Neither truly doth Christ say in vain to his Disciples, In my name they shall cast out Devils &c. unless there were a certain virtue expressed in that name over devils and sick folk, serpents, and persons, and tongues, and so forth, seeing the power which his name hath, is both from the virtue of God the institutor, and also from the virtue of him who is expressed by this name, and from a power implanted in the very word. Hence it is that seeing every creature fears and reverences the name of him who hath made it, sometimes even wicked and ungodly men, if so be they believe the invocation of Divine names of this kind, do bind devils, and operate certain other great things.

Henry Cornelius Agrippa, Three Books of Occult Philosophy, Book III, Chapter XII, p.201

On the other hand, “Christ” may be too tainted with the bloody history of the organized Church(es). We must be wary of the limitations of connotation.

In any case, reading the message of Agrippa's ancient predecessor Plotinus, and in reverse order from Plotinus back through the tradition to Plato himself, as epistemology and psychology rather than as mere ontology renders visionary experience as immanent, not transcendent. 

Nietzsche, the arch-critic of the false values associated with transcendence, can reenter at this point. Nietzsche, as we know, was no critic of Christ as Christ, but of the otherworldly doctrines of priestly Christianity, derided by Madame Blavatsky as “Churchianity,” which devalue and make meaningless the Earth, the body and its desires, and the senses themselves. 

But as these false “higher” values have in turn become devalued by the empirical explorations of modern science, a dangerous phase of nihilism has swept over the West and by extension everywhere else. As official Christianity had already disenchanted and desacralized this world, the actual lived world, when it itself became dethroned all deeper meaning evaporated. 

We have abolished the real world: what world is left? the apparent world perhaps? . . . But no! with the real world we have also abolished the apparent world! (Mid-day; moment of the shortest shadow; end of the longest error; zenith of mankind; INCIPIT ZARATHUSTRA.)

Friedrich Nietzsche, Twilight of the Idols, p.51

Nietzsche’s insights on the devaluation of values, may also be traced through the historical understanding of meaning within language. Master literary critic, Northrop Frye, maps out this evolution or devolution of language employing, like Joyce in Finnegans Wake, the work of Giambattista Vico as guide and scaffolding.

To Vico’s four phases or ages of human development, also related by Vico to tropes of language, that of Gods, Heroes, People and the Ricorso, Frye adds various correspondences of his own concerning the use of language.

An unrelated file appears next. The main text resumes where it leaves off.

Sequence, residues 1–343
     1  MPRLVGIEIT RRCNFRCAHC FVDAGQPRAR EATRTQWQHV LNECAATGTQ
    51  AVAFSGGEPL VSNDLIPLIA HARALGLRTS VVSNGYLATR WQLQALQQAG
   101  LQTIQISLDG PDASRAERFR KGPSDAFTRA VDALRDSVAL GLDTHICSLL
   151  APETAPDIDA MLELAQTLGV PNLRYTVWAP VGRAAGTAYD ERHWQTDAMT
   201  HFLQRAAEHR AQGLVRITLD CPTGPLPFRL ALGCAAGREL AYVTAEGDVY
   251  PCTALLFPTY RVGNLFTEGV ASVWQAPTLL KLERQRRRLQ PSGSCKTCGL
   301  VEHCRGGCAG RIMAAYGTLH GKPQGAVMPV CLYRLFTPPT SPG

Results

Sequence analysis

Hence, in the age of the Gods, linguistic expression is poetic, written language is hieroglyphic and the principal trope is the metaphor. For the age of Heroes, these three correspond to the allegorical, the hieratic (simplified and more monosemic priestly hieroglyphs), and the metonym. For the third phase of the cycle, that of the People, language is vulgar, demotic and most often used for mere description.

In The Great Code, Frye greatly expands upon these basic correspondences and I’ll stretch these ideas even further. In the first phase, in the age of the Gods, there is a metaphoric identity between subject and object. Puns have a power and words can affect and alter the “outside” world. Poetry is definitely a magic. 

At this “time” there was no separation between gods, spirits, men and animals. Even “inanimate” objectstrees, rocks, mountains, rivers, firewere animated, contained anima or soul.

Words of powerhieroglyphs of Ancient Egyptian religion, Inuit oral poetry about a time when humans and animals could communicate to and transform into one anothertestify of the first phase. The mysterious and manifesting abilities of the human mind were everywhere evident. Words spoken carelessly could have strange and potentially terrible consequences. Things desired could happen through the expression of words.

Evidence of the this first phase can be found in the earliest Mesopotamian verse, and in the Finnish epic Kalevala which, according to modernist mage Allen Upward, although transcribed only in the nineteenth century, reflects a pre-Homeric mythological consciousness in which there was no distinction between gods, wizards and bards.


In the very earliest time,
when both people and animals lived on earth,
a person could become an animal if he wanted to
and an animal could become a human being.
Sometimes they were people